It has also highlighted the possible advantages offered by Ucits III, particularly the use of shorting to hedge the risk of holding a long position in an uncertain environment.
However, the use of Ucits III powers is a feature that is likely to endure long after the credit crisis has abated, says Ben Willis, head of research at Whitechurch Securities and Adviser Fund Index panellist.
Using Ucits III powers enabled the BlackRock absolute alpha fund to produce consistently positive results for every month in 2007, despite the fallout from the sub-prime crisis. The success of the fund, along with others which use Ucits III, such as the JP Morgan cautious total return fund, has provided sufficient evidence to lure investors.
Willis says: “I think that Ucits III will become increasingly a mainstay of the fund industry. Using these powers can provide defensive possibilities but what you need is people with track records.”
James Davies, investment research manager at Chartwell and a fellow AFI panel- list, goes even further, claiming that the new powers may fundamentally change traditional ways of managing investment.
Davies says: “In my view, in a couple of years, the kinds of funds that will be available will not be long-only. All funds will have moved to a position where they can use the powers granted by Ucits III.”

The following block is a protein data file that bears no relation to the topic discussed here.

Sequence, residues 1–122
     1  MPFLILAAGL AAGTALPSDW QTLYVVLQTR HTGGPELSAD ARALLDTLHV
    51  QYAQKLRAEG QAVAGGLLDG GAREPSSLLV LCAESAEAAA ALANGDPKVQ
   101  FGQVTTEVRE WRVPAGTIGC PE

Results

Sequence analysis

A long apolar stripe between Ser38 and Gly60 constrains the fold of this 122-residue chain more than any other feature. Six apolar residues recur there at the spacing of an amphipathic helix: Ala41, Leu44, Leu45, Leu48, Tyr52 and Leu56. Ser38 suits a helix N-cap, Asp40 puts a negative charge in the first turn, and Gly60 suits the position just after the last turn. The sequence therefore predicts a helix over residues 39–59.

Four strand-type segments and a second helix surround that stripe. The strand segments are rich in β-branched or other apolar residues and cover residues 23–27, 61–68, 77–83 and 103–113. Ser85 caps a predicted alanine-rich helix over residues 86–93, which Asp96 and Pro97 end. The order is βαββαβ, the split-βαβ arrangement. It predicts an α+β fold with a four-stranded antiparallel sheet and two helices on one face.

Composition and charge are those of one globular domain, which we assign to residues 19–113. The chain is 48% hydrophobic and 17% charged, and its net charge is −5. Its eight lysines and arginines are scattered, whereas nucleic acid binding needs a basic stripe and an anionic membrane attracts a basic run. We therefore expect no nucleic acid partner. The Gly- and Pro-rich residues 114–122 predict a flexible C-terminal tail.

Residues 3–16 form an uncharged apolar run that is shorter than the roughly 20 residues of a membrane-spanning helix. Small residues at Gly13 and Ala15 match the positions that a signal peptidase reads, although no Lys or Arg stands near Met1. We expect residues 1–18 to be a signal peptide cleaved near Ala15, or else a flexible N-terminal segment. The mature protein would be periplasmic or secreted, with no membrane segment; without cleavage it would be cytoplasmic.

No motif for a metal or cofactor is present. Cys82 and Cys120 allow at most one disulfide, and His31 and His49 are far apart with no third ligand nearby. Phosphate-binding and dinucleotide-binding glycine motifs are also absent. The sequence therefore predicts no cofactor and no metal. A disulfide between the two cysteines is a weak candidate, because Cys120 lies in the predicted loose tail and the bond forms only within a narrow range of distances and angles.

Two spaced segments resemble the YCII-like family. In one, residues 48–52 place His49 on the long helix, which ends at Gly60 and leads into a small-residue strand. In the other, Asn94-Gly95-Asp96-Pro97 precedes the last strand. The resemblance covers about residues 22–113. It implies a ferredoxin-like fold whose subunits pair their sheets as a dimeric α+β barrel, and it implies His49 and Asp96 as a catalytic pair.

Hargreaves Lansdown head of research Mark Dampier says it is impossible to lump together those managers who use Ucits III powers since they can engage them in a broad variety of ways.
However, he says funds such as BlackRock absolute alpha, that have used them successfully, will have a sig- nificant effect. “Traditional funds such as cautious managed funds will start losing out,” he says.
Dampier disagrees with Davies, however, that the advent of Ucits III means there is no longer a need for long-only investment vehicles. He says: “I do not think that there will be a huge shift towards funds which use these powers. Absolute return funds tend not to do so well in bull markets and so there will certainly be a place for long-only funds in the future.”
Few of the funds which use Ucits III powers have been around long enough to have been tested against a variety of market conditions.
It is also difficult to dis- tinguish between short- term popularity of funds that offer defensive possibilities during challenging times in global markets and longer-term trends in investor sentiment.
Willis says: “Whether this is long term or not is debatable. Successful funds have been highlighted recently because of negative sentiment but I suspect that they will continue to be utilised whenever we get heightened volatility.”